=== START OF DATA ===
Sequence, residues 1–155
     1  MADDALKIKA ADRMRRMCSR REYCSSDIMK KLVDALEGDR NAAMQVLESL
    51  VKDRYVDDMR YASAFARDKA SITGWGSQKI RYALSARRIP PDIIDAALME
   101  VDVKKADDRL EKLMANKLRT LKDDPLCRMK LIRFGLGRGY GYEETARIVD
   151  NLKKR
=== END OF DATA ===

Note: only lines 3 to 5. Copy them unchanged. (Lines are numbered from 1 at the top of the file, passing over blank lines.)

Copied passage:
    51  VKDRYVDDMR YASAFARDKA SITGWGSQKI RYALSARRIP PDIIDAALME
   101  VDVKKADDRL EKLMANKLRT LKDDPLCRMK LIRFGLGRGY GYEETARIVD
   151  NLKKR